The Mathematics of Finance
In this course we examine the mathematics of some of the basic derivative securities
encountered in financial markets. A prototype for such a derivative is the European put option, which is a contract giving its owner the right (but not the obligation) to sell a share of a specific stock at a fixed price (the strike price) on a fixed date. The buying of such an option provides the owner with a hedge against some of the risk associated with owning the stock---if on the fixed date the price of the stock exceeds the strike price, the option is worthless, but if the stock price falls below the strike price, the owner can exercise the option and sell the stock at a better-than-market price.
Economists R. Merton and M. Scholes won the Nobel Prize for their work on pricing such European put (and call) options, when the stock price is modeled by an exponential Brownian motion. (Scholes' collaborator F. Black died before the Nobel was awarded; Merton refined and extended the early work of Black and Scholes.)
In this course we will study a discrete version of the Black-Scholes-Merton (BSM) model, the Cox-Ross-Rubinstein (CRR) model. The mathematics of the CRR model is simpler than that needed for the
BSM model, but all of the key ideas necessary for the analysis are present in our analysis of the CCR
model. The model and its analysis are based on probability theory learned in Math 180A, and will also make use of linear algebra (Math 20F) and differential equations (Math 20D) learned in prerequisite courses.
- We will be using the first three chapters of the text Introduction to the Mathematics of Finance by R.J. Williams.
- Lectures will be on Monday, Wednesday, and Friday, from 11 AM to Noon, in Warren Lecture Hall 2111.
- Discussions sections with your TA meet on Wednesdays in APM 2301; section A01 from 6:00PM to 6:50PM, and section A02 from 7:00PM to 7:50PM.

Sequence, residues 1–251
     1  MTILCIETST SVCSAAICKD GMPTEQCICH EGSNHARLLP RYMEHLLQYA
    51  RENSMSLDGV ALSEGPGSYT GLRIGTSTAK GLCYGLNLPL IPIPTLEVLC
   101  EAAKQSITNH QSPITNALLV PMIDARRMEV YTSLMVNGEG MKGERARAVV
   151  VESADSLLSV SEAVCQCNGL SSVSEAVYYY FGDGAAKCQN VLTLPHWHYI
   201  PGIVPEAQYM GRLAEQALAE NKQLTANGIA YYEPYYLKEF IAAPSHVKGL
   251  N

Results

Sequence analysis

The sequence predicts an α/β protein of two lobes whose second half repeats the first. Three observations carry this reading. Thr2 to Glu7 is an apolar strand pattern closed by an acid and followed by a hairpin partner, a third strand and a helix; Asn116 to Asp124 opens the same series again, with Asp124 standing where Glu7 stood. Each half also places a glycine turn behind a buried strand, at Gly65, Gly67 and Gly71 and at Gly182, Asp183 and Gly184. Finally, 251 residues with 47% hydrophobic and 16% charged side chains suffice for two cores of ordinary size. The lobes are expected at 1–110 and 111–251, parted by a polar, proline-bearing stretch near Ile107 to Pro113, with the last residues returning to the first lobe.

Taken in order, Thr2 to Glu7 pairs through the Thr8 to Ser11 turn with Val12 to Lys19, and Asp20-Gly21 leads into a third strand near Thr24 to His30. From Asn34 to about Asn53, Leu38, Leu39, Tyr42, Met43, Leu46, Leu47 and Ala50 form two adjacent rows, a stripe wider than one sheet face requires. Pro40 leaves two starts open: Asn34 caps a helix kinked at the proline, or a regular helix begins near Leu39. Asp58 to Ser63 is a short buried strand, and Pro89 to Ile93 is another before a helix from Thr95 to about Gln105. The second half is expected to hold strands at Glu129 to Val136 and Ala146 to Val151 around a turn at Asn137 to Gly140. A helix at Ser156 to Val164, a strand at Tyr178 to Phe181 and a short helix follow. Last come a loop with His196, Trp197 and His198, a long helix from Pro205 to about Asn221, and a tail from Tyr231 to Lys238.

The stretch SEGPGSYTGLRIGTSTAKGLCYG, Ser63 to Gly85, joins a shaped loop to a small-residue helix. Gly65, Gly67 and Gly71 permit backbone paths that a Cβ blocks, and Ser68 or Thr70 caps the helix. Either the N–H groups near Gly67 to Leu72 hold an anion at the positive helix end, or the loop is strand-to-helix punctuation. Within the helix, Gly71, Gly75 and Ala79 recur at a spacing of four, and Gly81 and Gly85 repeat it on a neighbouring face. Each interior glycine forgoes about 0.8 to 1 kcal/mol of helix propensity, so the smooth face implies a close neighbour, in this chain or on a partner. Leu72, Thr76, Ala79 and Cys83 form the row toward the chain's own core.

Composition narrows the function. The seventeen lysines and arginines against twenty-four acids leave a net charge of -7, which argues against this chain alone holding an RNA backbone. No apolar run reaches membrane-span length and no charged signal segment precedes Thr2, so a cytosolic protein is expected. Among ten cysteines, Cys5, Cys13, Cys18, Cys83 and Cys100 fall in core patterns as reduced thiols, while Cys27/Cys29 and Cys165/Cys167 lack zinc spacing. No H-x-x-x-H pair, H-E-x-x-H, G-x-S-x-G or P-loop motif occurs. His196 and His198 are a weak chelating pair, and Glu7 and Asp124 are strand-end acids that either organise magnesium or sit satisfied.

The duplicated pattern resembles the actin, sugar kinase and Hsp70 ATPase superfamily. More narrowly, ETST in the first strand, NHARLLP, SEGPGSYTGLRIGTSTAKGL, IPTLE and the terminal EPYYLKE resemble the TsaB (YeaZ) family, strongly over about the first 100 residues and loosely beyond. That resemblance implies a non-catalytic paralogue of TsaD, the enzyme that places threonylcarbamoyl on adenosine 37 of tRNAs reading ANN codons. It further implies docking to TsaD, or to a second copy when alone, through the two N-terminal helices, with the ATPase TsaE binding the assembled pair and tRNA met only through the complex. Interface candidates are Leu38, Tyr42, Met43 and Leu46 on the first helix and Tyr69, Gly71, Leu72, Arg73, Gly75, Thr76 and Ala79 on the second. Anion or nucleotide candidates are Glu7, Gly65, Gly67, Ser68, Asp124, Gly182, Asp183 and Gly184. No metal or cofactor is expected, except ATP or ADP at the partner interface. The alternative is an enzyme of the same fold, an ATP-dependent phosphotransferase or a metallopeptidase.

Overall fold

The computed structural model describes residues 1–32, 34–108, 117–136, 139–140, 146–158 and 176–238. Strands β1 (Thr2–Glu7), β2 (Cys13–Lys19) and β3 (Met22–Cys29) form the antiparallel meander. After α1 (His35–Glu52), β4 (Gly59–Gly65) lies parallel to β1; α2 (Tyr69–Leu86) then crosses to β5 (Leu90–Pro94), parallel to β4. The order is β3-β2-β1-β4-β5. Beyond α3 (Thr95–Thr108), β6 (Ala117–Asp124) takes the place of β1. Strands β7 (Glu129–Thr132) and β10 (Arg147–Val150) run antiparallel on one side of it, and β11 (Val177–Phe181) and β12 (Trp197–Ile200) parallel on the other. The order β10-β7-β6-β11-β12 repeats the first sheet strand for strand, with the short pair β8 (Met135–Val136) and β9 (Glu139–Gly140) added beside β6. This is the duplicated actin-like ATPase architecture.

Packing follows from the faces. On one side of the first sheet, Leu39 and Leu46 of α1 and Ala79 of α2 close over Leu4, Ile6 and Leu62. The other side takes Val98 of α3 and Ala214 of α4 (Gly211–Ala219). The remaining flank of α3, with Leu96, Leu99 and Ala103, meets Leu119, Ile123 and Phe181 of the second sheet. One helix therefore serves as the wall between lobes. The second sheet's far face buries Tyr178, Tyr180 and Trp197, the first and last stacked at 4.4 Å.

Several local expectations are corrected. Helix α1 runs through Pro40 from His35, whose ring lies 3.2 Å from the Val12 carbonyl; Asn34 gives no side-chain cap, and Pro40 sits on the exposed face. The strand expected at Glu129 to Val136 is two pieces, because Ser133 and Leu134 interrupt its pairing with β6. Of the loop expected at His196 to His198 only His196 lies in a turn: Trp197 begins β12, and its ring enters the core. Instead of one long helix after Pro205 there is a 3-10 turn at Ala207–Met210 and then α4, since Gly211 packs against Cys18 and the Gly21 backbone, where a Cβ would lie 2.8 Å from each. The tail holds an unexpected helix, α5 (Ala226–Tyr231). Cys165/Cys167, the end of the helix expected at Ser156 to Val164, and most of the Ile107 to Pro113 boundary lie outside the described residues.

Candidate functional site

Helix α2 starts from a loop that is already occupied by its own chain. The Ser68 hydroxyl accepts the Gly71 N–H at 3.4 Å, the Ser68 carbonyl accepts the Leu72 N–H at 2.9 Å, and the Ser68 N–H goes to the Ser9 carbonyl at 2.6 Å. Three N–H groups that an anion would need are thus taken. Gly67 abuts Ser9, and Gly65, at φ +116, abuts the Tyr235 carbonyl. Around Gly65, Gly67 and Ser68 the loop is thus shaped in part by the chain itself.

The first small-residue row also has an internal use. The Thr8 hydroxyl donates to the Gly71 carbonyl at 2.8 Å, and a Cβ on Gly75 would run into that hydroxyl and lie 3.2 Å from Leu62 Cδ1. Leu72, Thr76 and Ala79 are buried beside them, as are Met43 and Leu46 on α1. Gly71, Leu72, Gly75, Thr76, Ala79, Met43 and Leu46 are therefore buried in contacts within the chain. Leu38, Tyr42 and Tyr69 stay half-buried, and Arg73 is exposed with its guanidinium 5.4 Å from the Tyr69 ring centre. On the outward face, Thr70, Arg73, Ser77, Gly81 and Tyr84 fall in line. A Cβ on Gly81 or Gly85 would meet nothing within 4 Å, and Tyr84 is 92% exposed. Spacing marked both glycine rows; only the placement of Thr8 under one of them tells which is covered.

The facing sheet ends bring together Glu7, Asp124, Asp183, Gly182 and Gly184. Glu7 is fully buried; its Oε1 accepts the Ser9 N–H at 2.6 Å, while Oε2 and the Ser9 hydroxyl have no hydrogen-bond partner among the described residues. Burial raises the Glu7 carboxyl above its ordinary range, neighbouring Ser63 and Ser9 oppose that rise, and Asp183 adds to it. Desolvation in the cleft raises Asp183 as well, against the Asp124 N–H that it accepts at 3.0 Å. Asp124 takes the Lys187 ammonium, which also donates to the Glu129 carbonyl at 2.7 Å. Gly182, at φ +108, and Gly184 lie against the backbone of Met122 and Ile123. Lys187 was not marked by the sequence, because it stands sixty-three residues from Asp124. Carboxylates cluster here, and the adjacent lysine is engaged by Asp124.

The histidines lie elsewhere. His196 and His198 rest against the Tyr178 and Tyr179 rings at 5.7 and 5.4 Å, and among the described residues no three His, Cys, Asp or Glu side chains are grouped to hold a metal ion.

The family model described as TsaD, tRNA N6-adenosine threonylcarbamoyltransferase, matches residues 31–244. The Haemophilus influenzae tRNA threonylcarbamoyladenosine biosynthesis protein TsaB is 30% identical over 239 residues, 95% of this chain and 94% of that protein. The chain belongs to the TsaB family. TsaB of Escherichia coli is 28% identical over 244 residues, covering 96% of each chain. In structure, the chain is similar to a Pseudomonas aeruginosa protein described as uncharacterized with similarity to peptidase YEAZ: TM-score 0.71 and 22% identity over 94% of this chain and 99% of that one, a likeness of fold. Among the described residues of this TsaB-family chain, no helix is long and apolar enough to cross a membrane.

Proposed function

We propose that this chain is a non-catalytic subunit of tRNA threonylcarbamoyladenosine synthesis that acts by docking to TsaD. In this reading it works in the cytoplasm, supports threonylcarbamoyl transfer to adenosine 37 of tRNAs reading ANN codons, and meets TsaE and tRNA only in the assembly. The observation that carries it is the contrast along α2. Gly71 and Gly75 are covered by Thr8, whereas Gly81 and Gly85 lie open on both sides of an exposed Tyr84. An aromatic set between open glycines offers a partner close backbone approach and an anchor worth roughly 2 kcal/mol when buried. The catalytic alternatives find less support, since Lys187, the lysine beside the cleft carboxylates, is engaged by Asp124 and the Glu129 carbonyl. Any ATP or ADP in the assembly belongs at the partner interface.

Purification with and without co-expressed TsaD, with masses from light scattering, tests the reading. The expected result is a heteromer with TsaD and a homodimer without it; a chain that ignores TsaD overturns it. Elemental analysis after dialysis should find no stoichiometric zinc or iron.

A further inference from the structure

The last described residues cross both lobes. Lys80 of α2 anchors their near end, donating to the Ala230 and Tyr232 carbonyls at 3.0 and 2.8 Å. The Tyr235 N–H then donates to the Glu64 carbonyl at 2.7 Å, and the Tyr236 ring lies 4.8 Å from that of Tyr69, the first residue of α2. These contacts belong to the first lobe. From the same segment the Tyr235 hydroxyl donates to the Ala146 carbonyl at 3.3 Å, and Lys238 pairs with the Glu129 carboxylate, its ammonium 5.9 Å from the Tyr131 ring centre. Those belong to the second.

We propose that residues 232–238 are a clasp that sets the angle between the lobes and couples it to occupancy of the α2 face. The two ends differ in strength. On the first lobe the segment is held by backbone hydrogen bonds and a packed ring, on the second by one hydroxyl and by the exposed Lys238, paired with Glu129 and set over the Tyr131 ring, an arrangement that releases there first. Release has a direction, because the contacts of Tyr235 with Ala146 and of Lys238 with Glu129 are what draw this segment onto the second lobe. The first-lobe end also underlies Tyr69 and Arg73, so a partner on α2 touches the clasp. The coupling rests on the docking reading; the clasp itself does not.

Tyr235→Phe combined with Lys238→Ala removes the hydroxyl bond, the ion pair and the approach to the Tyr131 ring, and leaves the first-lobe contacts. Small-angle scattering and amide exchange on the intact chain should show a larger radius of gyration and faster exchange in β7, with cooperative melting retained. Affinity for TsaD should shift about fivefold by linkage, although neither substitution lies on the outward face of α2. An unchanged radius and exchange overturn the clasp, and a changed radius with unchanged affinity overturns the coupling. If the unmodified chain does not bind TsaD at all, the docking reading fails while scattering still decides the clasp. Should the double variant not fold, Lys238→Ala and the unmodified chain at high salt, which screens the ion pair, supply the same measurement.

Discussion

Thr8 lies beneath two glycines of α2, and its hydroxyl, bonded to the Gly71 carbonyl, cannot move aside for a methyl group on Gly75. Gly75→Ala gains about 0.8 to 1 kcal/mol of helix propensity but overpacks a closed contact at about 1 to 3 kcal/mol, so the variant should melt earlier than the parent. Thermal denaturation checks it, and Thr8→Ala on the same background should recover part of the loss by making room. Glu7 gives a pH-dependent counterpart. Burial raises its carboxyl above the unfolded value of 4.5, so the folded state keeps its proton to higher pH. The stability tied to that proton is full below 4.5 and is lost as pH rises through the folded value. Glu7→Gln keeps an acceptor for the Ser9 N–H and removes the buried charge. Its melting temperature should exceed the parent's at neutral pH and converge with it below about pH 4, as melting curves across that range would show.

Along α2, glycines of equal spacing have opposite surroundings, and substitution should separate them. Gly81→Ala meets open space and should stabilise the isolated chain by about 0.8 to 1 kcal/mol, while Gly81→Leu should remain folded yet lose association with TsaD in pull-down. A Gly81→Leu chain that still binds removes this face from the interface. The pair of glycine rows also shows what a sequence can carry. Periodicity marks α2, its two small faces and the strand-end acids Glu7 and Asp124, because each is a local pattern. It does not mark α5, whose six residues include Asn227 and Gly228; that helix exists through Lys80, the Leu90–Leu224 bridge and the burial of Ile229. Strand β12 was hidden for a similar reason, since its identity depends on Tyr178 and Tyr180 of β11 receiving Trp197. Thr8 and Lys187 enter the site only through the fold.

- Your course grade will be based
on your performance on the two midterm exams and the
final exam. These
exams will be weighted as follows:
- Midterm 1: 20%
- Midterm 2: 25%
- Final: 40%
- There will be NO MAKEUP EXAMS given.
- In addition there will be weekly homework assignments which in total will account for
the remaining 15% of your grade. The assignments (and eventually their solutions) will be posted on this website. Solutions should be clear and cogent, and neatly presented. These assignments will be due at the beginning of lecture on the due date. (Homework can be handed in early, in the homework dropbox on the sixth floor of APM, to your right as you step off the elevator, opposite room 6402A.) Late homework WILL NOT be accepted.
- The midterm exams will be given in class on January 29 and February 26.
- The final exam is scheduled for Monday, March 15, from 11:30 AM to 2:30 PM.
- The +/- grading system will be used for course grades.
- TURN OFF cell phones in lecture, discussion sections, and exams.
- Academic dishonesty will not be tolerated, and violations will be reported to
the Academic Integrity Coordinator.
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December 28, 2009